Opinion
Assessment Opinion

Sneaking In IQ Testing for 5-Year-Olds

By Deborah Meier — January 17, 2008 3 min read

Dear Diane,

Like the distinguished panel of assessment experts whom Commissioner Mills called in to examine it wrote—the old CPESS model was a promising beginning. We had much work to be done if others were to follow suit. Instead others were discouraged and finally prohibited from doing so. If we had a commitment toward such approaches, we’d solve its kinks. Then instead of being a rare, fragile flower it could have been transplanted widely. What’s amazing is that within half a dozen years more than 40 schools, just in NY State, jumped on board without any support and against the grain. That more than half have not given up is testimony to its hardiness.

I wish Ed Week would make it easier for folks to read the comments we get to our letters. Some blogs do. Because as I suggested to one respondent last week, age-grading and course-passing as ways to organize “credit” toward graduation limits our options. It offers unacceptable trade-offs. What was nice about CPE and Mission Hill (K-6 and K-8 schools) was that we could place kids in groupings that made sense for their learning and did not have to decide artificially whether they had to repeat a grade or not. Ditto for passing courses. Like other Coalition schools, what we had to decide, child by child, was what was best for maximizing learning. Period.

You ask, how did our schooling fall “so effortlessly into the control of Know Nothings…”? Weep, and then, as we once said, “organize”.

New York City is now preparing to test all 5-year-olds (and encouraging day care, Head Start and nursery schools to do the same) on the Otis-Lennon IQ Test. Next it will be 6- and 7-year-olds. Decades of work to eliminate standardized testing of the young will be reversed. Just as we managed to eliminate standardized testing as part of Head Start (thanks to Sam Meisels and the Erikson Institute), NYC is implementing something even worse. IQ tests. As though we haven’t, as Emily Gasoi notes in her excellent commentary (posted after last week’s letter), a long history to draw on re. IQ testing.

Like NCLB it’s being sneaked in (without any public input) under the guise of Equity! Can you imagine the gall of calling IQ tests a means toward equity???? Yes—it’s supposed to make it easier and fairer for all children to get into “gifted and talented” programs.

Mozart was surely talented, in fact a genius, but whether his particular genius would have been detected in the Otis-Lennon IQ test no one can know. Howard Gardner has been writing for decades about the wide diversity of “gifts” and “talents”. But, above all, we know that race and class have an enormous impact on who seems “smart” at age 5. We also know a lot about what it means to “track” kids by test scores—into various different ability-grouped classes. When I came to NYC in 1967 that was the norm. Even in schools that had substantial diversity, classrooms were neatly divided by race and class. So are “talented and gifted” classes. And they will be after we make it easier for poor kids and black and Latino kids to take IQ tests. Finding the kids who score in the top 5 percent means eliminating most non-white and poor children. That’s basic to the design of most standardized tests, but above all of IQ tests. If the slogan “all kids can learn” meant anything it was in defying the odds that the tests claim to be able to predict.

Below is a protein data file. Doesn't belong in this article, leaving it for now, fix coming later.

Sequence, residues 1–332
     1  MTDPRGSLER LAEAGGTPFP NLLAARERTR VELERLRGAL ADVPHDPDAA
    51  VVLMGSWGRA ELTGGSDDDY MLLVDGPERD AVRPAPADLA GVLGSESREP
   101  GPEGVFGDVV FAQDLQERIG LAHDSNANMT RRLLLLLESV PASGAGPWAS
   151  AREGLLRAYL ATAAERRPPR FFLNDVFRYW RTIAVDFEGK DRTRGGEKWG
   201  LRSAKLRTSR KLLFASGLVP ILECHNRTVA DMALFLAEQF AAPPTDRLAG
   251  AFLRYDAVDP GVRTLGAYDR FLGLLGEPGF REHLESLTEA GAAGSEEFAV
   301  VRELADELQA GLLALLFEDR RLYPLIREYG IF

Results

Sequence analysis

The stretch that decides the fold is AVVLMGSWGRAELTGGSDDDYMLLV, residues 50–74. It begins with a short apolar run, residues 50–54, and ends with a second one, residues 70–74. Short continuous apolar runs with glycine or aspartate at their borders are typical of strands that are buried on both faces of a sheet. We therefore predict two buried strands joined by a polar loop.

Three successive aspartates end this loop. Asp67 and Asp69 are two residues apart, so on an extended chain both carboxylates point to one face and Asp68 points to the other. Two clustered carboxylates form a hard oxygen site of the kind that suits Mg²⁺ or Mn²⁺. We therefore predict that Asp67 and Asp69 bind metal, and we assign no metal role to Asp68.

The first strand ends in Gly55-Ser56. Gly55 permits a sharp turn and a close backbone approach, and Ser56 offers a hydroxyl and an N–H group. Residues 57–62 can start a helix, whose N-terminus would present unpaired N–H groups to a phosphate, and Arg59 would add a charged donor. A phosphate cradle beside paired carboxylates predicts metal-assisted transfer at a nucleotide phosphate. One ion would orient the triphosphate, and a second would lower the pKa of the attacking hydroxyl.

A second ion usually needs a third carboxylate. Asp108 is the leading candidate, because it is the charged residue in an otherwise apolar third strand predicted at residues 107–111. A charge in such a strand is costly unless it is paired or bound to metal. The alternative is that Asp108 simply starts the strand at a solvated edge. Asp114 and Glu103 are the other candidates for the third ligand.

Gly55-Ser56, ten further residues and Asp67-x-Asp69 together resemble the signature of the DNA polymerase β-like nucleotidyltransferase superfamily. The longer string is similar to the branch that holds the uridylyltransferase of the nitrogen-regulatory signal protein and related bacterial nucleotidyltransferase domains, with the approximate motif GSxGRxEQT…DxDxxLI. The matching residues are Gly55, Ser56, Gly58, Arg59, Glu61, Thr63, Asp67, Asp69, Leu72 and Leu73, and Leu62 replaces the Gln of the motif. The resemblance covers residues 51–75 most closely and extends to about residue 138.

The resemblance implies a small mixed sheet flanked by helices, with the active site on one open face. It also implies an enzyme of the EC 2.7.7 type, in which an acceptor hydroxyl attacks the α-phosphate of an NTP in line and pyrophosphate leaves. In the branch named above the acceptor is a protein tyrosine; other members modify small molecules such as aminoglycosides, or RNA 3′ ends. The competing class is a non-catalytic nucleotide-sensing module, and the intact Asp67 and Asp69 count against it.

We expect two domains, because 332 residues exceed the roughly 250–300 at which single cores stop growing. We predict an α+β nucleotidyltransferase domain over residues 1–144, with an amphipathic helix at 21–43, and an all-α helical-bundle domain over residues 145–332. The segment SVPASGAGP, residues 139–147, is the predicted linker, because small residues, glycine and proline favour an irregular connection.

Not only will this new round of testing create more mostly white classes, but it will misinform all parents and teachers about the intelligence and learning assets of their own children. It will make it easier, once IQ scores are available, to once again openly argue that “after all, you can’t expect” x or y to achieve high levels of intellectual work. They are “after all” intellectually deficient. Don’t blame the messenger for the message, we were once told. We’ve been there before; we will be there again. It’s the fall-back assumption of those at the top, that their superiority is “natural” and that those beneath them just don’t have “it”—the smarts. If we do this when we know better, it will literally be criminal—a deliberate sabotaging of our most vulnerable children.

How can we begin to talk again, you ask, about schools that truly educate? Where can folks who agree with us on this part of the argument weigh in, Diane? The absence of any form of public voice, or for that matter professional input, in places like NYC makes it hard. But people in truly totalitarian regimes have organized for change, so I know there are ways for us to reverse this one, too. The reforms that reared their promising heads 20 years ago shall not vanish from this land!

Deborah

The opinions expressed in Bridging Differences are strictly those of the author(s) and do not reflect the opinions or endorsement of Editorial Projects in Education, or any of its publications.